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Assume that $(M, \nabla)$ is a smooth manifold equipped with an affine connection. In our geometry lectures, we defined a geodesic as a curve $\gamma: I \rightarrow M$ satisfying the following system of differential equations:

$$\ddot\gamma_k(t)+\sum_{i,j=1}^{n}\Gamma_{ij}^{k}(\gamma_1(t), \dots, \gamma_n(t))\dot\gamma_i(t)\dot\gamma_j(t)=0, \;\; k=1,2, \dots, n,$$

where $\gamma_i$ denotes the $i$-th coordinate of $\gamma$ and $\Gamma_{ij}^k$ are the Christoffel symbols, all in suitable local coordinates.

What I fail to see is how the above system of equation ensures that the curves $\gamma$ are regular (which should hold even if they are defined on maximal interval). More specifically, our teacher claims that either the geodesic is "trivial", i.e. a constant map (mapping the whole interval to one point), or it is a regular curve. Can it be seen somewhat directly from the equations above, or how can it be proven?

Thanks in advance for any help.

PS: This question is very similar to this question. However, I do not know how can the datum of the affine connection $\nabla$ be "translated" into the notion of Riemannian metric (or if the notions are somewhat fundamentally different). Therefore the answer there does not really help me.

Edit: My definition of Chritoffel symbols is that they are the bunch of unique functions such that $$ \nabla_{\frac{\partial}{\partial u_i}}\frac{\partial}{\partial u_i}=\sum_{k=0}^{n}\Gamma_{ij}^k\frac{\partial}{\partial u_k}, \;\; i,j, \in \{1,2, \dots, n\}.$$

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  • $\begingroup$ How do you define the Christoffel symbols without a metric? $\endgroup$ – Mateus Sampaio Nov 25 '13 at 22:16
  • $\begingroup$ @Mateus Sampaio: By the equations $\nabla_{\frac{\partial}{\partial u_i}}\frac{\partial}{\partial u_i}=\sum_{k=0}^{n}\Gamma_{ij}^k\frac{\partial}{\partial u_k}$. $\endgroup$ – Pavel Čoupek Nov 25 '13 at 22:28
  • $\begingroup$ What about the definition of a regular curve? $\endgroup$ – Mateus Sampaio Nov 25 '13 at 22:40
  • $\begingroup$ @Mateus Sampaio: The tangent vector of the curve is nonzero (at any point). I believe one can equivalently say that $\dot\gamma(t)\neq 0$, i.e. one can compute it in the above local coordinates. $\endgroup$ – Pavel Čoupek Nov 25 '13 at 22:50
  • $\begingroup$ The notion of the metric is not needed so, but all you have to do to understand the other solution is to switch $\langle \frac{d \gamma}{dt}, \frac{d \gamma}{dt} \rangle$ to $\sum_k \dot{\gamma}_k (t)^2$, because that's is just the lenght of the vector $\dot{\gamma}$. $\endgroup$ – Mateus Sampaio Nov 25 '13 at 22:57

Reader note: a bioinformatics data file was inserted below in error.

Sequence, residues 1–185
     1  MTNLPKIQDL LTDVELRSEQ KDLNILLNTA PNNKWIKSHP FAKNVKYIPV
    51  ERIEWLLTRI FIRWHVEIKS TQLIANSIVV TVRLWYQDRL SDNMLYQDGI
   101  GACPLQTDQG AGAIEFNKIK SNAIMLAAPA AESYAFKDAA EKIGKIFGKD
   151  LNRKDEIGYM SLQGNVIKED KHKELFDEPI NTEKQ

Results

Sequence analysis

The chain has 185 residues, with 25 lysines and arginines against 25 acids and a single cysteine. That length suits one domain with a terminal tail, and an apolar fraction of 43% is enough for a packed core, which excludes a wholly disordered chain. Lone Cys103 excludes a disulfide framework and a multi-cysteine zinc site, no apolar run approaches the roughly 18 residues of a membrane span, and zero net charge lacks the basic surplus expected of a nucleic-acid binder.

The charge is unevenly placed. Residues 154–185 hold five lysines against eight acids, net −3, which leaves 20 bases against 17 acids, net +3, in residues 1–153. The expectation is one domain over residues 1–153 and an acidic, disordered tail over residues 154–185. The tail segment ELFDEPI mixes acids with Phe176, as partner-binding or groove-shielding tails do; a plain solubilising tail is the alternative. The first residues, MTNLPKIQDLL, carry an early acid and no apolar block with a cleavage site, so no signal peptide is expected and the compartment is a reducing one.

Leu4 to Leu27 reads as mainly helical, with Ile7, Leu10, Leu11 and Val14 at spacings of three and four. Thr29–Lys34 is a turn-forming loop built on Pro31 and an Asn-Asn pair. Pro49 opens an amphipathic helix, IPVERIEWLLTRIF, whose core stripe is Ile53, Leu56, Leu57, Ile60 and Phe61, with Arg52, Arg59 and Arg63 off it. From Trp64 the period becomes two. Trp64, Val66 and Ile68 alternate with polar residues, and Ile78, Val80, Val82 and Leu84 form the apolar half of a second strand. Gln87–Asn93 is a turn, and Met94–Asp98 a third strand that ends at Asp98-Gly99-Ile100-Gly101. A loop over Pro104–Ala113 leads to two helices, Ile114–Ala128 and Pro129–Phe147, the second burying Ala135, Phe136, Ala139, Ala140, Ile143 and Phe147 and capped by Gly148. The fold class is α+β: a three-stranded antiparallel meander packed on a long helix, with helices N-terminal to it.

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So looking at why a geodesic is a regular curve?, it seems that regular simply means $\dot\gamma \ne 0$ on the whole curve. There is a theorem that says that if $F:\mathbb R^n \to \mathbb R^n$ is smooth (actually locally Lipschitz should be enough), then if we try to solve the ode: $$ \dot x = F(x), \quad x(t_0) = x_0 $$ and extend it both forwards and backwards in time to a function $x:(t_0-t_1,t_0+t_2) \to \mathbb R^n$ (where $t_1>0$ and $t_2>0$ might be $\infty$), then that solution, if it exists, is unique. This means that if at any time $F(x(t_0)) = 0$, then $x(t) = x(t_0)$ is a solution, and hence the only solution, along the whole interval.

By using an atlas, it should be possible to extend this to manifolds: $$ F:M\times TM \to T(M\times TM), \quad F(x,y) = \left(y,\sum_{ijk} \Gamma^i_{jk}(x) y_j y_k\frac\partial{\partial x_i}\right) .$$

I know this theorem I cited above is somewhere in "Ordinary Differential Equations With Applications" by Carmen Chicone, but I don't have a copy of the book with me right now.

Also, if the function $F$ is smooth (i.e. if the Christoffel symbols are smooth), then you can show that the solution $x(t)$ is also smooth.

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  • $\begingroup$ Also, the theorem says that the only way that $x(t)$ cannot be extended in the positive direction beyond $t=T$ is because $\|x(t)\| \to \infty$ as $t \to T$. But I don't think this is needed for what I am saying here. $\endgroup$ – Stephen Montgomery-Smith Nov 26 '13 at 3:26
  • $\begingroup$ I think the theorem you mention is Pickard's theorem, right? (more precisely, its higher dimension version.) This seems to be working. I actually think this is the theorem which is used in a proof that one can find precisely one geodesic with prescribed point on the manifold which should lie on the geodesic and the tangent vector in that point. One can then use this fact instead and use the same arguments. Thanks. $\endgroup$ – Pavel Čoupek Nov 26 '13 at 21:45
  • $\begingroup$ Yes, it is Pickard's Theorem. $\endgroup$ – Stephen Montgomery-Smith Nov 26 '13 at 22:20

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